Tuesday 21 November 2017

Rain, rain go away: threat of further flooding this week

Don Lavery

IRELAND could be hit by more floods this week with windy and wet weather in store for much of the country. Met Eireann said the weather will be unsettled and changeable for much of the week.

"There will be an ongoing threat of some local spot flooding, with southern and western areas most at risk," the Met Eireann said.

"It will be windy and blustery tonight and for much of Monday with spells of heavy rain in many areas.

"Strong southerly winds will gust to 80 or 90kmh -- strongest along the west coast. The rain will be especially heavy over west Munster and western counties of Connacht, with 25 to 30mm of rain likely, and this may well lead to some local spot flooding.

"Rain at times elsewhere too, with the odd heavy burst. The rain will clear from the west later tomorrow and winds will decrease to moderate south-westerly," Met Eireann said.

Unusually, heavy rain last week led to chaos, claiming two lives, with rivers bursting their banks and the monsoon-like weather causing traffic disruption.

However, much of Tuesday will be dry with just scattered showers and with some bright or sunny spells at times too

Met Eireann said: "Another spell of very windy and very wet weather is set to develop later on Tuesday night and early Wednesday. Strong and blustery south to south-east winds are expected, gusting over 90 kmh in exposed places, along with some heavy bursts of rain, with the heaviest of the rain expected over south Munster, where some flooding is possible.

"Some rain or showers on Thursday too, heaviest in the south and south-west, but early indications suggest that drier, cooler weather may develop late next week or next weekend with frost at night."

Meanwhile, Dart commuters and passengers on Rosslare and Gorey rail services face serious disruption for the next two weeks as a result of damage to ground next to a pier on the Dodder Bridge at Lansdowne Road station.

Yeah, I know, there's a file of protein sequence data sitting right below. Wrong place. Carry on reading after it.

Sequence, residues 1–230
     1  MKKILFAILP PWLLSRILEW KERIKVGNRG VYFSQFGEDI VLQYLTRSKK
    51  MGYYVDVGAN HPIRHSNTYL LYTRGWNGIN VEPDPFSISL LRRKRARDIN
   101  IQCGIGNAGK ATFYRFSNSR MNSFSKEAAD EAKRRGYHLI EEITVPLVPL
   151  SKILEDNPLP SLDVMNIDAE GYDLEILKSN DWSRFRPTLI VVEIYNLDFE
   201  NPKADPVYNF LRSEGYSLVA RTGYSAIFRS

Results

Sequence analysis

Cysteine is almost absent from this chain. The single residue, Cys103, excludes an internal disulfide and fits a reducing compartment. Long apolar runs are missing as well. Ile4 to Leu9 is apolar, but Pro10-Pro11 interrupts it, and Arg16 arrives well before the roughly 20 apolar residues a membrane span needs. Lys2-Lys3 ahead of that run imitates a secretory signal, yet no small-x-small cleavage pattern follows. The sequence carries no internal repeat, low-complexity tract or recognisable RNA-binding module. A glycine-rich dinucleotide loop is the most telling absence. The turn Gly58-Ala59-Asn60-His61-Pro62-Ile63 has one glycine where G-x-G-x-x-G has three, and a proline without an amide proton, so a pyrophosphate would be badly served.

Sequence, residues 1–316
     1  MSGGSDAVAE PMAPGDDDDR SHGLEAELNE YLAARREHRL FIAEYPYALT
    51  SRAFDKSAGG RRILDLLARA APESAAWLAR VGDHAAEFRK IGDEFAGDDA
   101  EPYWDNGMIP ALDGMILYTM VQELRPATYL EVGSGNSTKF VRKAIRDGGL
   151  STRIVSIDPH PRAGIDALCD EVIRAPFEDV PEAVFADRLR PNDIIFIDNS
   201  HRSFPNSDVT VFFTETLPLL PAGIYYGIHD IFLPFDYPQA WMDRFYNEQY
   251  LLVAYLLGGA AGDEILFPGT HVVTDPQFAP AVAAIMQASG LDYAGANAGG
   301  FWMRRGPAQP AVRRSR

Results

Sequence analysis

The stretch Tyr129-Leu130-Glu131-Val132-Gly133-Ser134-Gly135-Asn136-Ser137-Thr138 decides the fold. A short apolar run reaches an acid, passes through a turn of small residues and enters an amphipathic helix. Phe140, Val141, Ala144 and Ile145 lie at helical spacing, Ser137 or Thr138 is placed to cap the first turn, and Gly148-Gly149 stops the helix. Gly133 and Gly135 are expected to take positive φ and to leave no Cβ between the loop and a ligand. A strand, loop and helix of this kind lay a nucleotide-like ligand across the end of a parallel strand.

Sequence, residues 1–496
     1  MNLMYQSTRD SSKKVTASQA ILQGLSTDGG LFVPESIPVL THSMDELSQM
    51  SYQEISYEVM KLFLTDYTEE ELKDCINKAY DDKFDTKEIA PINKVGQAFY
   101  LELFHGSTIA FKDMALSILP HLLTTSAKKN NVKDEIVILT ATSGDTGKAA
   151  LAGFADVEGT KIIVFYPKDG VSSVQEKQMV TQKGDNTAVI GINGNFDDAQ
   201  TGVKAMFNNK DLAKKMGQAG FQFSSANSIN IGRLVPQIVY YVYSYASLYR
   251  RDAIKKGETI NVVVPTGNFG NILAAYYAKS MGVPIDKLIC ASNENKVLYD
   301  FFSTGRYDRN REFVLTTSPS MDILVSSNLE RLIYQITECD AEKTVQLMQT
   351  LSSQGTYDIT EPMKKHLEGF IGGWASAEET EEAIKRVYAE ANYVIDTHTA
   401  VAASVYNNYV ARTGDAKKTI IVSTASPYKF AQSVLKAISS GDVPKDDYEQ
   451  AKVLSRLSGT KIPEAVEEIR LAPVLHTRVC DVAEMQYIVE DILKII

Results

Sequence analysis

An inspection by divers last Friday evening confirmed the damage caused by at least two large trees which fell in last Monday's storm and were swept downstream by the River Dodder before lodging under the bridge leading to a build-up of debris.

In a statement issued late on Friday night, Iarnrod Eireann said that it had closed the structure as a precautionary measure to allow repair works to be carried out. The decision to do so was based on safety protocols introduced in the wake of the Malahide viaduct incident in 2009.

Today, Dart services will operate from Howth and Malahide to Clontarf Road and from Sydney Parade to Greystones. There will be no Dart service between Clontarf Road and Sydney Parade today. The line is closed between Grand Canal Dock and Sydney Parade.

An hourly shuttle train service will operate between Clontarf Road and Connolly stations. Dart customers can also use valid rail tickets to avail of Dublin Bus services.

From tomorrow , Dart services will operate between Howth and Malahide and Grand Canal Dock and between Sydney Parade and Greystones. Southside services will operate every 30 minutes to the scheduled Greystones Dart timetable.

Rosslare and Gorey rail services will operate to Bray, with bus transfers being made available to take passengers from Bray to Connolly station in Dublin.

Other commuter services which operate from Drogheda and Maynooth to Dun Laoghaire and Bray will terminate at Pearse station.

Sunday Independent

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